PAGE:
Joseph Chun, a formerly homeless man, says sometimes it is difficult for him to believe he earning a good salary making, of all things, premium handcrafted chocolates that are in high demand by Hawaii restaurants and stores.

“I never thought I would be doing this. I thought if I worked I would be doing construction, something out of doors,” says Chun.

He is taking a break from coating dozens of Oreo cups with melted chocolate. Each Oreo cup will be dotted with a small red heart as part of a large order for Foodland stores to sell for Valentine’s Day.

The 56-year-old Chun had a tumultuous life before he became a chocolate maker five years ago, sometimes sleeping on Chinatown streets, sometimes involved in petty crime, a dead-end existence so hollow it hurts him now to discuss it.

River of Life Chocolate. Left, Joseph Chun, right Chocolatier Ana Sagadraca with center, daughter Katrina Sagadraca. 28 jan 2016. photograph Cory Lum/Civil Beat
Joseph Chun, left, and chocolatier Ana Sagadraca, right, run Chocolate on a Mission, and Ana’s daughter, Katrina Sagadraca, helps. Cory Lum/Civil Beat

“I don’t like to go into detail about my life before,” he says. “There were criminal elements, there were drugs. Even when I start to talk about it, I feel sad. It brings back so many bad memories.”

Chun works as second-in-command in the chocolate factory run by the River of Life Mission on the third floor of its facility at 101 N. Pauahi St. in Chinatown.

River of Life, a faith-based organization, is better known for serving more than 16,000 meals a month to needy families and some of Oahu’s most hard-core homeless than it is for creating prize-winning gourmet chocolates.

River of Life went into the chocolate-making business to help teach work skills to its clients who are recovering from drug and alcohol addiction or struggling with mental illness or have recently been released from prison.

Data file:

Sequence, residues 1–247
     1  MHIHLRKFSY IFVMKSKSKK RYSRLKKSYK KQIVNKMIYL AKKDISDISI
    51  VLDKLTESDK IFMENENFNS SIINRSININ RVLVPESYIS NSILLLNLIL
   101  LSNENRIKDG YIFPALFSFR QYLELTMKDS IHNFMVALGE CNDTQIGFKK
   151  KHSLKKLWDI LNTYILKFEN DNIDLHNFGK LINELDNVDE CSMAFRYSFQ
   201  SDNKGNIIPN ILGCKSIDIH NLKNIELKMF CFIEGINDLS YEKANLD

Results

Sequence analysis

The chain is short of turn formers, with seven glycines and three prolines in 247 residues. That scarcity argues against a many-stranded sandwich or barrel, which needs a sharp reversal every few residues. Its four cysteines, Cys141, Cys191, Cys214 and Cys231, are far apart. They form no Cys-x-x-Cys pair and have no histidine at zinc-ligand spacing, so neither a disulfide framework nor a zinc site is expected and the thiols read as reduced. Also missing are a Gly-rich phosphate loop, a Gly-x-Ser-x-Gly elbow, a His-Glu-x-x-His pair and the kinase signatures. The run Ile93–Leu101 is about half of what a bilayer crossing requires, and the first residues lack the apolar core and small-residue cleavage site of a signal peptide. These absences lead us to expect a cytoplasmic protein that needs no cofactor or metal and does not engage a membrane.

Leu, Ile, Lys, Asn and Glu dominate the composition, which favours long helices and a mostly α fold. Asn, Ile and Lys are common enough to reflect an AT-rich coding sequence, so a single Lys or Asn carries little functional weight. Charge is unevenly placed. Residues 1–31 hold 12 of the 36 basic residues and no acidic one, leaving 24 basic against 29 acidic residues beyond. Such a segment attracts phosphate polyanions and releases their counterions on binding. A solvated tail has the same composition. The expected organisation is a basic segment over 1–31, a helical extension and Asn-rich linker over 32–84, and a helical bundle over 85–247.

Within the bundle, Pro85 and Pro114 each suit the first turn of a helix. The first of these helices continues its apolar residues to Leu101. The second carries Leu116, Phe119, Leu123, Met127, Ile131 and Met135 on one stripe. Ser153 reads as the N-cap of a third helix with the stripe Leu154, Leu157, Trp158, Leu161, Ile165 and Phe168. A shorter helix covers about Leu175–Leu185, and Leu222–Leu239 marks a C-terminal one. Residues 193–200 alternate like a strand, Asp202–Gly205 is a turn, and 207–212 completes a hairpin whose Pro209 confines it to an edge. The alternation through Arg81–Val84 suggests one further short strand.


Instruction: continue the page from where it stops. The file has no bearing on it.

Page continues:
“We offer the chocolate-making opportunity to anyone willing to learn,” says Davi Teves, a businesswoman who helped set up the chocolate company known as Chocolate on a Mission.

Clients in the mission’s 18-month alcohol and drug addiction recovery program known as “Mending in Paradise” can choose chocolate making or other jobs around the mission to gain employment skills.

Teves says since the factory started in 2011, many who have signed on to learn chocolate making have gone on to become successful employees at other kinds of businesses.

But she says, “Other clients have gone back to their old ways; unfortunately, a lot of them. But we let them know we love them and they are welcome back when they are strong enough to return. Our goal has always been to help one person at a time.”

River of Life chocolate closeup Molokai Sea Salt chocolate on a mission1. 30 jan 2016.photograph Cory Lum/Civil Beat
Some of the Chocolate on a Mission products. Cory Lum/Civil Beat

Chocolate worker Norman Sailes , 42, says he is grateful for the chocolate-making opportunity. “I didn’t want to go back to living on the streets. It was a big relief to find this work.”

Sailes is originally from Pohnpei in the Federated States of Micronesia. When he came to River of Life, he had been homeless for years in downtown Honolulu. His physician-prescribed medications for his illness were so out of whack he was sleeping most of the day. Now his medicine is under control.

Sailes is a quiet man with a direct way of speaking. He loves to write. He says he finds the chocolate work “spiritually peaceful, although at times it can get monotonous.”

Teves agrees that hand-making hundreds of chocolates in a day can definitely get boring. She says they try to vary the job by teaching workers all different aspects of the chocolate making, including inventory, packaging and delivery.

When Chocolate on a Mission was launched the Halekulani Hotel was the first to order its confections, Since then the regular customers have included Foodland, R. Field Wine Company, Taormina Restaurant in Waikiki, Kakaako Kitchen, Roy’s Restaurants as well as companies in Japan.